The raw milk issue continues to heat up in Indiana, with some consumer groups pushing for legislation that will allow raw milk sales to consumers.

To study the issue more fully, the Indiana State Board of Animal Health (BOAH) has released a report on the sale of raw milk in the state of Indiana.

There are approximately 176,000 dairy cows in Indiana on 1,527 dairy farms. In 1925, the Indiana General Assembly passed a law requiring pasteurization of milk or tuberculin testing of cattle.

The U.S. Food and Drug Administration prohibits the interstate sale of raw milk for human consumption through a regulation adopted in 1987. Each state governs the intrastate sale of unpasteurized milk to consumers.

The report says currently individuals are acquiring raw milk from producers through cow or herd share arrangements and pet food sales believing that these transactions are outside the current state statute requiring milk to be pasteurized. The current pasteurization statute does not explicitly contemplate these arrangements, creating uncertainty for regulators, producers and consumers as to the legal status of these transactions and arrangements.

Twenty states prohibit the sale of unpasteurized milk to consumers, including Indiana. Almost all of the states that allow unpasteurized milk sales limit access to raw milk and regulate the production and sale of the product.

Raw milk and pathogens
The Centers for Disease Control and Prevention (CDC) discourages the consumption of raw milk products. Unpasteurized milk can carry dangerous bacteria, such as Salmonella enterica, E. coli O157:H7, Campylobacter jejuni and Listeria monocytogenes.

Foodborne illness from these pathogens in raw milk can cause chronic, severe, or even life-threatening illnesses that can lead to kidney failure, paralysis, chronic disorders, and even death. For example, a person can develop Guillain-Barré syndrome, which can cause paralysis and hemolytic uremic syndrome that can result in kidney failure and stroke.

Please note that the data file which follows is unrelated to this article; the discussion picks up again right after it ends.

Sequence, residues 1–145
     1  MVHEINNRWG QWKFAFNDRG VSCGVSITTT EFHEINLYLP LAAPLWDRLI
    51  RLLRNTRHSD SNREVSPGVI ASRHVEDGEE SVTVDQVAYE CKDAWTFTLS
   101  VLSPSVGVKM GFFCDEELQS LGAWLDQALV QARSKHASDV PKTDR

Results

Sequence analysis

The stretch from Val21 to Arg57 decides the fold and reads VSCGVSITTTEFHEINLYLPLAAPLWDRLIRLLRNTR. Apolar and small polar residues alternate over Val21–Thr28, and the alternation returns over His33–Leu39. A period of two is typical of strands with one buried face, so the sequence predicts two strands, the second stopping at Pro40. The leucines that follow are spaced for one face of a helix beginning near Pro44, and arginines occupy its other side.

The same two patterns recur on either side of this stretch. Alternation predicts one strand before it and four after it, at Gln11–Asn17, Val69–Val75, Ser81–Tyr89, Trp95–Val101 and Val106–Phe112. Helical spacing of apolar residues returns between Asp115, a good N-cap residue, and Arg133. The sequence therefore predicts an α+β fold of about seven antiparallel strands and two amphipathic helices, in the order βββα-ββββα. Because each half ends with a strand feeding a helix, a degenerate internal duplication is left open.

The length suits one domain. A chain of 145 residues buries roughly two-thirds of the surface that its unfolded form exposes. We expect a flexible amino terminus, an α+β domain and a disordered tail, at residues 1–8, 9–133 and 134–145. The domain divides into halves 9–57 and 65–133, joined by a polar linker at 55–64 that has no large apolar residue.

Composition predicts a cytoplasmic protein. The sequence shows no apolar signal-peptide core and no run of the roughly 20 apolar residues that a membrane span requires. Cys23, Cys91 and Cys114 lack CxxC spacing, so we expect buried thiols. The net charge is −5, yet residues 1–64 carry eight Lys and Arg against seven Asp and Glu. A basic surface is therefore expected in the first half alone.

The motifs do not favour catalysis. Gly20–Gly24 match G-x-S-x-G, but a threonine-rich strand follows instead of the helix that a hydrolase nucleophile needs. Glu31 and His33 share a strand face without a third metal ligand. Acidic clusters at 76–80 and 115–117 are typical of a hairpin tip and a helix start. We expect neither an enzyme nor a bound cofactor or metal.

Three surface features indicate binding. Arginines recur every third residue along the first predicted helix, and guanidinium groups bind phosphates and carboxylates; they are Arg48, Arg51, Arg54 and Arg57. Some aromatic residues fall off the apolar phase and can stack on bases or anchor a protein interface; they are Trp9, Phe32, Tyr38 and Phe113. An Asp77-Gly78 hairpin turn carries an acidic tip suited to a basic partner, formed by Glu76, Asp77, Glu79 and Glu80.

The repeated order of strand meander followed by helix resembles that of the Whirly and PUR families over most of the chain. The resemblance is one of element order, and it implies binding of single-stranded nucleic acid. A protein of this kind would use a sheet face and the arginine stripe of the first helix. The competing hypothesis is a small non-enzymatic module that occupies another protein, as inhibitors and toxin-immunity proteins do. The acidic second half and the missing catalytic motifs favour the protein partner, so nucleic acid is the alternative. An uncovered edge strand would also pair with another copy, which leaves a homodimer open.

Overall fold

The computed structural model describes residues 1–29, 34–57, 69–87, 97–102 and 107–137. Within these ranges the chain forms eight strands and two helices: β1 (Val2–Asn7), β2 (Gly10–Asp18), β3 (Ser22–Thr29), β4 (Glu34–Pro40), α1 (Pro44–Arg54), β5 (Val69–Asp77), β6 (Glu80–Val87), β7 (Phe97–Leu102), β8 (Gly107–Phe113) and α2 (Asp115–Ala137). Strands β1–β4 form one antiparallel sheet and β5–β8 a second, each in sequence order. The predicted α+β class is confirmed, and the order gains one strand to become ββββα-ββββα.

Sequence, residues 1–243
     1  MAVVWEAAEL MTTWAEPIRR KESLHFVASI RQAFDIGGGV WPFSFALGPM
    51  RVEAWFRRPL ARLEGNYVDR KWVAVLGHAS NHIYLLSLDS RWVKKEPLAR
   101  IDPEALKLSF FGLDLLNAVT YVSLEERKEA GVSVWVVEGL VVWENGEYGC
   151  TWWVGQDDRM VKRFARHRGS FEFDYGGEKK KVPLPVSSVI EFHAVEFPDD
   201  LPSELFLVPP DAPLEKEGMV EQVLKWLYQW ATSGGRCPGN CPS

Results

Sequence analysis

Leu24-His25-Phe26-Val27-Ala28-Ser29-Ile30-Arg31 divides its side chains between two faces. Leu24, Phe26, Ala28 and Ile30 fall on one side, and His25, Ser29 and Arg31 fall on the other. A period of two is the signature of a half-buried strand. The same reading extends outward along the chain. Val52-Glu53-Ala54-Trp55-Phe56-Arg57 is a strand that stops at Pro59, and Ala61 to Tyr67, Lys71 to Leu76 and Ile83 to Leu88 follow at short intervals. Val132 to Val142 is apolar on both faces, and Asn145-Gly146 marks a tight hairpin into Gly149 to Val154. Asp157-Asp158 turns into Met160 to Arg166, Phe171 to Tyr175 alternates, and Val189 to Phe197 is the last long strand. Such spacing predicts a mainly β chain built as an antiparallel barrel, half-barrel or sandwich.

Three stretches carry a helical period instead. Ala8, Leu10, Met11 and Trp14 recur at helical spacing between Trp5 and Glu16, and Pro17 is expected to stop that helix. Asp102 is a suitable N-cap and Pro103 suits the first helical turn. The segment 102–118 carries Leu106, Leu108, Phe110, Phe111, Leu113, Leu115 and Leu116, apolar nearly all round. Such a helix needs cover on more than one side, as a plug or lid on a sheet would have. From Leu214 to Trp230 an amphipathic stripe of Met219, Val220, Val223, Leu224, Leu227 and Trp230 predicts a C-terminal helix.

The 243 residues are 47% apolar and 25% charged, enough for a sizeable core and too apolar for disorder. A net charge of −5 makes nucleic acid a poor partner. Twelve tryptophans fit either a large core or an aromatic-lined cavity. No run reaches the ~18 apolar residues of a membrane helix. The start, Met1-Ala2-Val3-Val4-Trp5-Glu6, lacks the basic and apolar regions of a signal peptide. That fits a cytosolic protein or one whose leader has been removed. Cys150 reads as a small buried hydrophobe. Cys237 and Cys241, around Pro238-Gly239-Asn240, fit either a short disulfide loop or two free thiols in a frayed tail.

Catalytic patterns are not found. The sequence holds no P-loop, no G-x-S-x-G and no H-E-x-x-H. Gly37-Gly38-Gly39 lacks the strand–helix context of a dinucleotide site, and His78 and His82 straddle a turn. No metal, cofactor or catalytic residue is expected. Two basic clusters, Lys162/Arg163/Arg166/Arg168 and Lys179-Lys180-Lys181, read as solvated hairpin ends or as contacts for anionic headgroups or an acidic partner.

The BOAH report says studies show that states that allow the legal sale of raw milk for human consumption have more raw milk-related outbreaks of illness than states that do not allow raw milk to be sold legally. Among dairy product-associated outbreaks reported to CDC between 1973 and 2009 in which the investigators reported whether the product was pasteurized or raw, 82% were due to raw milk or cheese. Read more on raw milk outbreaks here.

From 1998 through 2009, 93 outbreaks due to consumption of raw milk or raw milk products were reported to CDC. These resulted in 1,837 illnesses, 195 hospitalizations, and 2 deaths. Most of these illnesses were caused by Escherichia coli, Campylobacter, or Salmonella.

It is important to note that a substantial proportion of the raw milk-associated disease burden falls on children; among the 93 raw dairy product outbreaks from 1998 to 2009, 79% involved at least one person younger than 20 years old.

Options for Indiana
The BOAH report notes that the authorization of sales of unpasteurized milk to consumers is ultimately a political decision. BOAH believes that pasteurization is a practice that is highly effective in reducing the risk of human illness from pathogens in raw milk and that distributing raw milk for human consumption will increase the risk that someone will become ill from consuming raw milk.

BOAH recommends that the Indiana General Assembly consider the following options when considering this issue:

Option A. Maintain the current requirement for milk to be pasteurized prior to sale and amend the statute to clarify that all persons producing milk for consumption must comply with state sanitation standards and pasteurize the milk regardless of the method used to distribute the milk, including cow or herd share arrangements and products labeled for pet food.

Option B. Change the current law requiring pasteurization to allow limited distribution of raw milk directly from the farmer producing the milk to consumers and authorize the BOAH to establish minimum sanitary requirements that may reduce the risk of human illness.

If Indiana is to move away from the current laws requiring pasteurization of milk and milk products sold to the public, the following principles should be followed:

  • The Indiana State Board of Animal Health should have the authority to adopt rules requiring permits and establishing sanitation standards for raw milk producers.
  • All farmers producing raw milk for consumption should be held to the same standards.
  • The sale of raw milk should be limited to the farmer producing the milk selling directly to consumers.

Read the BOAH raw milk report here.